Jared told me Intensive Care was a 14-day shoot. That must have been some pressure, especially as you had the lead role and all those action sequences?
Shooting in 14 days with all the action and dialogue was a whirlwind experience. I wouldn’t consider it pressure, just more of a challenge.
I’m used to thinking purely about the action, so it was a fun challenge encapsulating the whole essence of the movie and the scenes. Needless to say I was a busy bee!
I found Alex, your character, to be something of an enigma; we know she’s driven and just won’t let go, and we know a bit about her back story – but not a huge amount. With a role like Alex do you try to fill in the blanks in your own mind?
Absolutely. Alex is a mysterious character that we slowly learn about throughout the movie. It was a fun character development process thinking about where Alex comes from, and what has led her to end her previous career to become a hospice caretaker.
Also, it was fun trying to discover similarities between Alex and myself. That’s the beauty of acting, discovering new personalities, new perspectives on life, and how to react to situations with these traits.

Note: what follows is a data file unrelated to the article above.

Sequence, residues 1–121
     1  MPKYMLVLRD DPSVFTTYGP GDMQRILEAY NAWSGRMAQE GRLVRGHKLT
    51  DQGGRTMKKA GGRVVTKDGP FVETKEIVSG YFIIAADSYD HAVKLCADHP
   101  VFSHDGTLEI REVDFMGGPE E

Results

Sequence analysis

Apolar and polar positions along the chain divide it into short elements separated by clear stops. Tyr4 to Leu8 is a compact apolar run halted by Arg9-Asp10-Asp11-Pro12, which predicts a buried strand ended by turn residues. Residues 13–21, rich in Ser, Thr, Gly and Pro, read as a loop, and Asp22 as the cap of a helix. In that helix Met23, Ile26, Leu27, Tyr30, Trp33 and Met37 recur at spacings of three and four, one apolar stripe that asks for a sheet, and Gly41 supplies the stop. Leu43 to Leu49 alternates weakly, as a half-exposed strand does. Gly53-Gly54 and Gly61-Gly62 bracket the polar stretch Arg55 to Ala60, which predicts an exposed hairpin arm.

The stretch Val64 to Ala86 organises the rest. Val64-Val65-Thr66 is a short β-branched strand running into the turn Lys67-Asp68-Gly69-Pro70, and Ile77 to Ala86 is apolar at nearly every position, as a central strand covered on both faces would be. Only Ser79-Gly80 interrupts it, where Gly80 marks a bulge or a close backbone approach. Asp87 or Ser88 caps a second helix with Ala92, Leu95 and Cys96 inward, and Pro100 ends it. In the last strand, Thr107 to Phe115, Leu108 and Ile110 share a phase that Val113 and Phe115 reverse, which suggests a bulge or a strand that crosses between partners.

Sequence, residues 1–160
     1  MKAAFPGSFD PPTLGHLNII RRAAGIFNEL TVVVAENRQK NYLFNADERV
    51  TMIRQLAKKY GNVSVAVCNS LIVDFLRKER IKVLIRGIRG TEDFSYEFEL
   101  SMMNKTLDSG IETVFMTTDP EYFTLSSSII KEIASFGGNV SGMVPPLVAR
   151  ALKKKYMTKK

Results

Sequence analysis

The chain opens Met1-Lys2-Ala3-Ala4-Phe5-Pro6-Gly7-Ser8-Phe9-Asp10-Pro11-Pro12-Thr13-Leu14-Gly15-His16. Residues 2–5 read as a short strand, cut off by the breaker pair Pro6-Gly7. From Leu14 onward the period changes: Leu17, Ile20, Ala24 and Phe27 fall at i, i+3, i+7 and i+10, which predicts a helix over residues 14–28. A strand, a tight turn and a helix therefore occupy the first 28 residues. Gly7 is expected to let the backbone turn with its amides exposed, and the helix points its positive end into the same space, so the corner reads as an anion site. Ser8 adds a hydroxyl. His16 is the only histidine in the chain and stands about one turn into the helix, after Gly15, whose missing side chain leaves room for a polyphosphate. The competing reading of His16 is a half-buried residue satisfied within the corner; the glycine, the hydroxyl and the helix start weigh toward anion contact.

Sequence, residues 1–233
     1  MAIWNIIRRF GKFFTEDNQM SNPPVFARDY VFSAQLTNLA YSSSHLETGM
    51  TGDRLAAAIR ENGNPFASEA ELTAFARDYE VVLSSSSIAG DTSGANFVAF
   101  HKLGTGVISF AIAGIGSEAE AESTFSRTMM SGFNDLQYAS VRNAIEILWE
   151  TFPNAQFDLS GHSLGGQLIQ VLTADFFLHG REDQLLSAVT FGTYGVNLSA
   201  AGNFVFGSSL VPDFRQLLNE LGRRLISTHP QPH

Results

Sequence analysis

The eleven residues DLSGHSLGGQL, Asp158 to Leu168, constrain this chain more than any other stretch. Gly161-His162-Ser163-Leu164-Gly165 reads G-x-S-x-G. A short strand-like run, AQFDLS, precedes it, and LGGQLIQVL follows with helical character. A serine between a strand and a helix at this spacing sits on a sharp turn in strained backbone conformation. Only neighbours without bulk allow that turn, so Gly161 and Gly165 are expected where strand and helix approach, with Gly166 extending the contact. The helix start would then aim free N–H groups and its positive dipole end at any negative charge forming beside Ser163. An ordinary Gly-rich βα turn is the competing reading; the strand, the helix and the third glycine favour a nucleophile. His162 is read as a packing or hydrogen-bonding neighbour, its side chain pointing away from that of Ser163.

I reviewed a short film a couple of years ago – Concrete & Crashpads, about the stunt scene in New York – and stuntman Mack Kuhr said something that stayed with me: “we are the shadow warriors”. Increasingly stunt performers are getting well-deserved recognition, but it still seems to be a relatively anonymous profession compared to acting. For you, as you become more known for acting roles as well as your stunt work, do you ever think you might end up missing that anonymity? Or has it held you back?
Interesting question, and I agree with the shadow warrior statement. He phrased that beautifully.
Surprisingly I’ve been recognized randomly a lot in LA, which totally throws me off. Especially when I’m usually just wearing workout clothes! I’m not quite sure how to answer that question in regards to missing my anonymity.
If anything it forces me to look less like a scrub when I go out running errands. Ultimately it’s extremely flattering and I hope that my presence on camera can be inspiring.
Do you see a lot of your fellow stunt performers moving into acting or are they often simultaneous careers anyway? (With so many stars doing their own stunts, it seems quite fitting if it’s working the other way too!)
Yes and no. Stunts to me is acting. It’s the physical expression of the scene. So every stunt performer in some capacity has to act.
In terms of committing to a more serious approach to acting, yes, there are stunt performers and martial artists who do cross over to full time acting.
There are also stunt performers who thrive in doing just purely the stunt portion.